payday loans

The Last Stand:ExxonMobil’s Sakhalin I

US President George W Bush may bring up the issue of ExxonMobil when he meets Russian President Vladimir Putin at the Bush family's oceanfront estate in Kennebunkport, Maine on July 1-2.

A spokesman for the Kremlin leader denied on June 28 the Kremlin is involved in a disagreement between Russian gas monopoly Gazprom and US oil and gas major ExxonMobil over Sakhalin I, but the recent pattern of the Russian government muscling away the foreign companies' assets point at the Kremlin hand.

"It will be wrong to say the Kremlin is somehow involved," Dmitry Peskov, the Kremlin's first deputy press attache, was quoted by the press as telling journalists during a phone briefing. "Gazprom is a Russian company. Kremlin is the state. You have to divide Kremlin and Gazprom."

Gazprom took aim at ExxonMobil's Sakhalin I project on June 26, only days after gaining control of TNK-BP's massive Kovykta Siberian field.

The Russian gas giant urged state representatives on the authorised state body for the Sakhalin I to make it a priority to supply Sakhalin gas to the domestic market, when voting on gas exports to China.

Along with representatives from the project, the authorised body for the Sakhalin I production sharing agreement contains state representatives. Viktor, Timoshilov, the man responsible for Gazprom's export policy, was quoted as saying by the press on June 26 that the state should ensure that state representatives should express their position, and give priority to meeting domestic demand.

Gazprom Deputy CEO and Gazprom Export Director General Alexander Medvedev said that for Gazprom, when it comes to using Sakhalin gas, supplies to the domestic market and expanding gas liquefaction projects are a priority. He also said that the plans by Sakhalin I participants to independently sell gas in China are complicating Gazprom's negotiations to supply gas to China.

"Obviously they don't need the gas for the local market, that is a bunch of hot air," Fadel Gheit, oil analyst at Oppenheimer and Co, in New York told New Europe on June 28.

Gazprom pressure on ExxonMobil is seen as a continuation of the Russian government's policy to strengthen its control over the country's strategic assets. "It's a long-term strategy of gaining certain control over their (Russia's) assets that are considered strategic and rightfully so. They want to use energy as a true political weapon. They can put pressure on Europe, they can put pressure on China -- not through military threats but through energy supply," he said.

"This is the last stand. Exxon is the toughest so they basically tried the ones that are easier to push over," Gheit said, referring to Shell's Sakhalin II and TNK-BP's Kovykta. Exxon is extremely careful not to make any violations that would give the Russian authorities an excuse to take control of the project.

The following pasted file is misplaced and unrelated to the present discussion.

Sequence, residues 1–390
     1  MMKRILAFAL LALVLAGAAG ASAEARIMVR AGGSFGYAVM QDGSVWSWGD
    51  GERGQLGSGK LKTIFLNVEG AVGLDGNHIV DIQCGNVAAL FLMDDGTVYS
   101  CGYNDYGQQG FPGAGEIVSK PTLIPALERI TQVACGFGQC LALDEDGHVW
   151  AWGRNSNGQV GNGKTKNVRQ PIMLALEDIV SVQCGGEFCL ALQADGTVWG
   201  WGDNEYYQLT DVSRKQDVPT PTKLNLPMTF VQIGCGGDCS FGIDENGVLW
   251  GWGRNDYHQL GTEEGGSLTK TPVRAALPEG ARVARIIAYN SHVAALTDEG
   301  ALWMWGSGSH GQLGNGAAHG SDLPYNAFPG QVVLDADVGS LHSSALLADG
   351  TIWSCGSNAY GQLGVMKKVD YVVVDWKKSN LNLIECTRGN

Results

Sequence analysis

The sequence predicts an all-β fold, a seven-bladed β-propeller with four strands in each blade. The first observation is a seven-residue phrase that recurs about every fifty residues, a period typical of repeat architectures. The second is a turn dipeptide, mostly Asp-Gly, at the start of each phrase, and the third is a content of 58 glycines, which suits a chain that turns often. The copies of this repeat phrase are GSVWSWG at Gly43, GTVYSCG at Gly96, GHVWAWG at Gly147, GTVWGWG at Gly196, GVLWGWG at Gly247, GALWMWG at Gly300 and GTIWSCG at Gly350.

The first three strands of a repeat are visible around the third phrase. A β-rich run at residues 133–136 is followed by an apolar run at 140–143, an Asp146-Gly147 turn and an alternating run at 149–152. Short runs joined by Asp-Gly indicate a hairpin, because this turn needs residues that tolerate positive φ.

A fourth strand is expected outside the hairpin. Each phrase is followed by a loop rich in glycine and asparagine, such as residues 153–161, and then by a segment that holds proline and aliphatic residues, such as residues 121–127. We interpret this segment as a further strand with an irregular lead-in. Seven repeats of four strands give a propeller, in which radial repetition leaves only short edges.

"Look what happened in Venezuela. I mean at least Russia is paying these companies compensation. I'm very glad that CococoPhilips and Exxon both walked away from Venezuela. It should teach them a lesson. But the situation with Russia is different," Gheit said.

Foreign companies cannot walk away from Russia because their investment is too big and the country's rich energy reserves simply too appealing. "You don't walk away from Russia," Gheit said. "They have a huge investment in Russia, billions of dollars and it's the upside potential."

The deepest well drilled in the world is the Exxon-led Sakhalin I at 37,016 feet.

Russia, which is rich in energy resources, appears to have won the energy power game. "Those who have access to recourses, those who control the resources will win the game because the power has already shifted. It's not in the hands of Exxon anymore, not in the hands of Shell or BP or anybody. It's in the hands of the government who controls the resources. So they control the resources, they have the power, they can get whatever they want," Gheit told New Europe.

But Russia also risks pushing the envelope too far. If Russia is boycotted by all foreign companies there will be no Russian energy industry. Gazprom and LUKoil cannot pull it off alone. "They just can't. They need international cooperation from the major oil companies and if they keep alienating all these companies, one after the other, things will change and it is not going to be in the interest of Russia. I hope they don't play their card too far and they push these companies too much because the ramifications will be pretty bad," Gheit said.

2 Responses to “The Last Stand:ExxonMobil’s Sakhalin I”

  1. 360Dolphin.com Says:

    Trading In Sympathy - Stock Investment Buying Odds?…

    Your research continues to review the company itself. Stock Assault is very famous, it has lots of media coverage from CNN, Bloomberg, Indiana Times, InfoWorld, Business Week to MSNBC media. Now can be to say that everyday will likely a 300% day?…

  2. gaga????? Says:


    2007 June archive | Yuzno.com…

≡ Leave a Reply

Copyright © 2021 Yuzno.com | Yuzno.com is supported by WP + USB. Designed by milo.
| News RSS | Comments RSS.